“It’s really just meant to educate consumers. We celebrate any wines that are produced responsibly,” Farthing said.
Oregon is less than 1 percent of total U.S. wine production. “We are small and we’ll always be small, but we are very much satisfying consumers that are looking for new wines to discover,” Farthing said.

Changing Wines in California

While Oregon’s output is small, it neighbors the country’s biggest wine producer. California produces 90 percent of America’s wine. But even California is not immune to the downswings of the economy, although there are bright spots.
“In addition to wine sales, wine country has developed into quite the tourist attraction,” said Sen. Alex Padilla, the new vice chair of the Senate Select Committee on California’s Wine Industry.
“Collectively it employs hundreds of thousands of people in California.”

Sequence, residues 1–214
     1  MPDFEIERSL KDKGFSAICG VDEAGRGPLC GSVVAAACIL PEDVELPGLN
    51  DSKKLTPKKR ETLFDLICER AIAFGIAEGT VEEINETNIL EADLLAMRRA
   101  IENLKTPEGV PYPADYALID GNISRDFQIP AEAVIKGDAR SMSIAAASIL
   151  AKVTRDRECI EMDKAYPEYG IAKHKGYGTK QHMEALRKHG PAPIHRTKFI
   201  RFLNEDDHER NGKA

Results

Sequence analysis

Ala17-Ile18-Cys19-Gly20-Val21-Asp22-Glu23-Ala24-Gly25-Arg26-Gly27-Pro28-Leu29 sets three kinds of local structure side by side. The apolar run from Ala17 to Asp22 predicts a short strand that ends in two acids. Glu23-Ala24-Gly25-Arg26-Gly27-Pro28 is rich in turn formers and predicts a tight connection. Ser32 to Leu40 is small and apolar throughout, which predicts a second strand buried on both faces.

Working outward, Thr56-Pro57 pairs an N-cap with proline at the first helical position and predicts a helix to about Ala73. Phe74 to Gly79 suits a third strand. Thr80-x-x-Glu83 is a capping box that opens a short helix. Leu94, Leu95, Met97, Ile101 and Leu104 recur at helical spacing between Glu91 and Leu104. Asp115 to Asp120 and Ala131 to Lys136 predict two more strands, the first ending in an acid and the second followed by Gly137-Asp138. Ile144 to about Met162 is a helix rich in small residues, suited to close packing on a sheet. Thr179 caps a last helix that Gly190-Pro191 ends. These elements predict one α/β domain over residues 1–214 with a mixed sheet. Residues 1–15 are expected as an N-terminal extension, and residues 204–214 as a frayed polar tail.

In fact, some of the big wineries in California—such as Kendall Jackson—have had to let people go and have been forced to lay off some employees, Padilla said. That’s due to the down economy.
Jackson Family Wines—the largest wine group in Sonoma County, Calif.—is the parent company of the Kendall-Jackson winery. Jackson Family Wines was forced to lay off more than 100 employees, according to a report in the Santa Rosa Press Democrat.
Windsor Vineyards, another winery in California, laid off workers earlier this year as well, “in response to the tough sales environment for high-end wines,” according to the Santa Rosa Press Democrat.
That’s because in a down economy, the price points of the wine being sold are going down, Padilla said. Before, folks were purchasing $50 bottles of wine with dinner; now they are opting for the $20-$30 bottle of wine with dinner, he said.
But, it’s not all doom and gloom—trends in recent years indicate that per person consumption of wine is still trending upward, Padilla said.
So there’s a bright spot in that for California—and other wine states.
When California—that goes for other states as well—comes out of the recession, theoretically there will be more wine drinkers to boost the industry, Padilla said.
—Mikel Chavers is associate editor of State News magazine.